If I was to use a 3rd party library that was not in the maven public repository, what is the best way to include it as dependency for my project so that when someone else checks out my code it will still be able to build?


My Application "A" depends on jar "B" which does not exist in the public repository. I, however, wish to add "B" as a dependency to "A" such that when a person on the other side of the world could check out the code and still be able to build "A"


You can install the project yourself.

Or you can use the system scope like the following:


systemPath requires the absolute path of the project. To make it easier, if the jar file is within the repository/project, you can use ${basedir} property, which is bound to the root of the project.

  • This works well for proofing use of a jar if it's unavailable in a repository manager. – ekillaby May 15 '12 at 18:06
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    Why i use this work-around in my maven web project,The project can not deploy to tomcat,but compile ok.Any advice?(Do not tell me install to local maven repository),thanks – janwen Jun 26 '12 at 7:02
  • You save my day, thanks, notnoop. Adding external jar by project properties somehow just doesn't work. – oohtj Jan 16 '15 at 7:56
  • In my tests, this method prevents the local jar from being included in the war file. Maven does not give an error message, it simply does not include the war. – Haroldo_OK Sep 14 '17 at 16:56

If you have a parent project with a module that is in this situation (requires a dependency not in a repository) you can setup your parent project to use the exec-maven-plugin plugin to auto-install your dependent file. For example, I had to do this with the authorize.net jar file since it is not publicly available.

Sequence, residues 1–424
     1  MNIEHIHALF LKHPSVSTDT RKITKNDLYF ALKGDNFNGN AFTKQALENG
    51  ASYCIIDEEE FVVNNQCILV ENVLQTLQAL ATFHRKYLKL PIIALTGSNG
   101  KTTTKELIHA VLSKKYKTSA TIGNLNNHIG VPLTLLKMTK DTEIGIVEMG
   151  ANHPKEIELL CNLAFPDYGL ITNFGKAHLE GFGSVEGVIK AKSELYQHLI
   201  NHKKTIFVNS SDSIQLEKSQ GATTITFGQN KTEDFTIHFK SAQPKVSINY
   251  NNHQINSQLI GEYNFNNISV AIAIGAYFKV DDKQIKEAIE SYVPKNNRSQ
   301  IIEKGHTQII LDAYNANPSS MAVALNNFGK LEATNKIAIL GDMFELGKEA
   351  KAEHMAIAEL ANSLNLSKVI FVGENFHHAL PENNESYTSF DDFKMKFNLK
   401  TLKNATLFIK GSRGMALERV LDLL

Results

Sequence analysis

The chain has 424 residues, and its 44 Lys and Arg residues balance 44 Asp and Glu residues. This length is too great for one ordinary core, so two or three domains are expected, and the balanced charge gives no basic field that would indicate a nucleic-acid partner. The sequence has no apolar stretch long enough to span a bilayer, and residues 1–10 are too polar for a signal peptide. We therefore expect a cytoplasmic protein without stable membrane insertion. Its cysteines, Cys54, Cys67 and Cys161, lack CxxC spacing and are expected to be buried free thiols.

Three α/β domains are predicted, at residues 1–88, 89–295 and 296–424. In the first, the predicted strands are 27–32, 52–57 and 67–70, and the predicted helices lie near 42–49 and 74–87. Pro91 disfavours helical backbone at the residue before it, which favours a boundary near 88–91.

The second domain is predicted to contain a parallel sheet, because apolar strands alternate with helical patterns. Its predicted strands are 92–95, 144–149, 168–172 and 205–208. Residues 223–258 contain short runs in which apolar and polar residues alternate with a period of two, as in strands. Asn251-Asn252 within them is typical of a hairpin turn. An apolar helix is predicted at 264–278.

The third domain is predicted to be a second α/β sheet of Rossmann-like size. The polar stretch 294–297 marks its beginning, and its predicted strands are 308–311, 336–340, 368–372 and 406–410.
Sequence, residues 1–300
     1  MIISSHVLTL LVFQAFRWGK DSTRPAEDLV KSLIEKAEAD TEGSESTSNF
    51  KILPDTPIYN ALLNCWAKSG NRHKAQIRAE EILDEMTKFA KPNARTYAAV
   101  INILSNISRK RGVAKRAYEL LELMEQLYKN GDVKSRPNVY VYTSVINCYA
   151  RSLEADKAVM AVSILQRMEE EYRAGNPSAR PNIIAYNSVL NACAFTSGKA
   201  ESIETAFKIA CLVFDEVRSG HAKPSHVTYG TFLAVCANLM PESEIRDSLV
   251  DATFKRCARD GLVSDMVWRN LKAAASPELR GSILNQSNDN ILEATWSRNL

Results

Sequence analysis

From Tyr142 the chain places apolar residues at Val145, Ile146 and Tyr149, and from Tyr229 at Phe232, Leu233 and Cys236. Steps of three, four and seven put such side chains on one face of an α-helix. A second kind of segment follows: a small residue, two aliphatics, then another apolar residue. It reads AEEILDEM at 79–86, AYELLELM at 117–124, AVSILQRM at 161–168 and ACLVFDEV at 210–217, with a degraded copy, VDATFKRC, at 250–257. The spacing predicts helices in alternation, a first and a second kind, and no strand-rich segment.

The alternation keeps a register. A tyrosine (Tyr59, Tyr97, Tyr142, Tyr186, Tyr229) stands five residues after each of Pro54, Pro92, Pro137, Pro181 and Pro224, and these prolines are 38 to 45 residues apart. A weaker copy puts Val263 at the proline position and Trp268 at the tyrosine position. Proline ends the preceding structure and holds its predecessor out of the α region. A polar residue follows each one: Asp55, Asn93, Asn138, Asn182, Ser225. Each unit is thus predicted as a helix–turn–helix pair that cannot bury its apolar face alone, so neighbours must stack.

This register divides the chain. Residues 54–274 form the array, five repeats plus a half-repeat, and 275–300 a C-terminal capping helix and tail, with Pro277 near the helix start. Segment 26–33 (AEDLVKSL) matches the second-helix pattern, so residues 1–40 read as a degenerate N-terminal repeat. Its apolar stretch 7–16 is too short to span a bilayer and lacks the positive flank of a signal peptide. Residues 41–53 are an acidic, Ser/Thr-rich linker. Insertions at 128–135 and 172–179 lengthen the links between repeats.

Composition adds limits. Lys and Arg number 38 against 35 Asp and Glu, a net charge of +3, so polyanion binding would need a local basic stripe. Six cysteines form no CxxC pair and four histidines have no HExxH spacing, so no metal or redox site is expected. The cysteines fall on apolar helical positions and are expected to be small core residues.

Parent POM:


In the above example, the location of the jar is in the lib folder of the "service" module.

By the time the service module enters the validate phase, the jar will be available in the local repository. Simply reference it in the way you set up the groupid, artifact, etc in the parent pom. For example:

  • This seems to be the right answer. Is there a way to install multiple dependencies on the example above? – javydreamercsw Oct 23 '12 at 13:50
  • You should be able to have multiple <configuration> elements in the plugin. – Domenic D. Oct 23 '12 at 13:57
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    I was able to figure it out. I moved the configuration within the execution part and then had multiple executions, one for each dependency. Thanks! – javydreamercsw Oct 23 '12 at 14:11
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    perfect - maven way – msangel Dec 7 '12 at 2:40
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    So, my issue is that by following this method, if you include the dependency in your pom before you've initially run an install, then it tries to collect and resolve dependencies before the plugin has had a chance to install the third-party jar, thus failing the build. I I remove the third-party dependency declaration, run an install, then the jar gets installed to my local repository, I can add the jar declaration back to the pom, and then the build succeeds. – liltitus27 Nov 8 '13 at 18:40

Using system scope may work but it is not recommended even in the Maven specification. it is not portable.

from Maven book:

system- The system scope is similar to provided except that you have to provide an explicit path to the JAR on the local file system. This is intended to allow compilation against native objects that may be part of the system libraries. The artifact is assumed to always be available and is not looked up in a repository. If you declare the scope to be system, you must also provide the systemPath element. Note that this scope is not recommended (you should always try to reference dependencies in a public or custom Maven repository).